The allergic sensitization in infants with atopic eczema from different countries
Article first published online: 7 JAN 2009
© 2009 The Authors. Journal compilation © 2009 Blackwell Munksgaard
Volume 64, Issue 2, pages 295–303, February 2009
How to Cite
De Benedictis, F. M., Franceschini, F., Hill, D., Naspitz, C., Simons, F. E. R., Wahn, U., Warner, J. O., De Longueville, M. and on behalf of the EPAAC Study Group (2009), The allergic sensitization in infants with atopic eczema from different countries. Allergy, 64: 295–303. doi: 10.1111/j.1398-9995.2008.01779.x
- Issue published online: 21 JAN 2009
- Article first published online: 7 JAN 2009
- Accepted for publication 31 March 2008
Background: No study has compared allergic sensitization patterns in infants with atopic eczema from different countries. The aim of this study was to investigate the patterns of allergic sensitization in a cohort of infants with atopic eczema participating in a multicentre, international study.
Methods: Two thousand one hundred and eighty-four infants (mean age 17.6 months) with atopic eczema from allergic families were screened in 94 centres in 12 countries to participate in a randomized trial for the early prevention of asthma. Clinical history, Severity Scoring of Atopic Dermatitis Index, measurements for total serum IgE and specific IgE antibodies to eight food and inhalant allergens were entered into a database before randomization to treatment. A history of type of feeding in the first weeks of life and exposure to animals was recorded.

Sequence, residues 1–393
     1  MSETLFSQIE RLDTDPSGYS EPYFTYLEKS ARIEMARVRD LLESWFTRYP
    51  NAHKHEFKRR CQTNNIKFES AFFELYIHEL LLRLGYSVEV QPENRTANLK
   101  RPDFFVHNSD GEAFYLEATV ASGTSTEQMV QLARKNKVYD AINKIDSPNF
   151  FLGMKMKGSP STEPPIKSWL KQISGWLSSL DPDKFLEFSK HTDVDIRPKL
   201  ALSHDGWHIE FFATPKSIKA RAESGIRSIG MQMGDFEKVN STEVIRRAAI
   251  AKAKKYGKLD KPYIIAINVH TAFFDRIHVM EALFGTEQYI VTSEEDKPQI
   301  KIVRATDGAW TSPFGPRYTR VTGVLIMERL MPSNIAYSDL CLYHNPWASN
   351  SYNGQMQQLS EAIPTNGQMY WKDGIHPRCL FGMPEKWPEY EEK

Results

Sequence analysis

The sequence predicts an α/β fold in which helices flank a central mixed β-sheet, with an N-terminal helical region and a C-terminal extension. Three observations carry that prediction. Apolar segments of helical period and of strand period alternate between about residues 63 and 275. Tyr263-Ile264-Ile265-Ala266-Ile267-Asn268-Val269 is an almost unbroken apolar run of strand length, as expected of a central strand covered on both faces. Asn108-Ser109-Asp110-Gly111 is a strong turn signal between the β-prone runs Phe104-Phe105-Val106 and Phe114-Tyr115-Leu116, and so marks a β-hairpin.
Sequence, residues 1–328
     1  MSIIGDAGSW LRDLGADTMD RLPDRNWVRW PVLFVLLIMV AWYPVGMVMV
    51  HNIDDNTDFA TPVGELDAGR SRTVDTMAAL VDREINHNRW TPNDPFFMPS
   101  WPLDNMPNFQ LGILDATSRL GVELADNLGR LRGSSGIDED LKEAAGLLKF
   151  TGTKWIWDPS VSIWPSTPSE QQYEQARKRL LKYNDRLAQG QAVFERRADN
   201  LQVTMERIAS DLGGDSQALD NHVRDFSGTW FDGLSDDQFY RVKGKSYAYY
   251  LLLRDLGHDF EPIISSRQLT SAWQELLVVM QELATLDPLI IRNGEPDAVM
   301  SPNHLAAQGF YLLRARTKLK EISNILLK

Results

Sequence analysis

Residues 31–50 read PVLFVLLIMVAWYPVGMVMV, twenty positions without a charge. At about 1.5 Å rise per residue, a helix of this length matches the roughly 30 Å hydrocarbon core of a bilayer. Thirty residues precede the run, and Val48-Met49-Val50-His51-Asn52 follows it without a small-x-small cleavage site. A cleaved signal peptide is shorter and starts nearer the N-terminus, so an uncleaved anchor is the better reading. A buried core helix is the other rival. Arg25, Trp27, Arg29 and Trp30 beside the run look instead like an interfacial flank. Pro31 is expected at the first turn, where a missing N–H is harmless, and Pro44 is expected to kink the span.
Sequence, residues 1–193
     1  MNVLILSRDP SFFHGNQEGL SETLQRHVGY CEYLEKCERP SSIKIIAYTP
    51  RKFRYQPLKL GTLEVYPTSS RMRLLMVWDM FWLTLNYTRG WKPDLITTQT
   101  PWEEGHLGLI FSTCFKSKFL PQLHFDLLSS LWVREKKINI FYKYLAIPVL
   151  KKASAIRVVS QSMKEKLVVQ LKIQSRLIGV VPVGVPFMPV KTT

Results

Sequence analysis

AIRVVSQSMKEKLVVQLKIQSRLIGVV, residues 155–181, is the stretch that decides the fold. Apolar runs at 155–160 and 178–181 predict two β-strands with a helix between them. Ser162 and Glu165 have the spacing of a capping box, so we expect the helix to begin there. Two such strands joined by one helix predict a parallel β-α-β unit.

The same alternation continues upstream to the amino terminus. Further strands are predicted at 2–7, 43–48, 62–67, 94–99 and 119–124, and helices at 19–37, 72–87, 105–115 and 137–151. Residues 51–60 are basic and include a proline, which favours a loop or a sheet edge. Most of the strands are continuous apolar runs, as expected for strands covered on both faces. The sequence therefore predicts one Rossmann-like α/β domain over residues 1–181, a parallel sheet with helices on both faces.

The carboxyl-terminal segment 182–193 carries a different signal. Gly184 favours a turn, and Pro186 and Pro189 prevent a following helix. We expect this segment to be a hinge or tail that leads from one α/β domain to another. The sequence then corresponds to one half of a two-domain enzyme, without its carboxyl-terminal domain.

Results: A total of 52.9% of the infants had raised total IgE, and 55.5% were sensitized to at least one allergen. There was a wide difference in the total IgE values and in the sensitization rates to foods and aeroallergens among infants from different countries. The highest prevalence rates of allergen-sensitized infants were found in Australia (83%), the UK (79%) and Italy (76%). Infants from Belgium and Poland consistently had the lowest sensitization rates. In each country, a characteristic pattern of sensitization was found for aeroallergens (house dust mite > cat > grass pollen > Alternaria), but not for food allergens.
Conclusions: In infants with atopic eczema, there is a wide variation in the pattern of allergic sensitization between countries, and data from one country are not necessarily generalizable to other countries.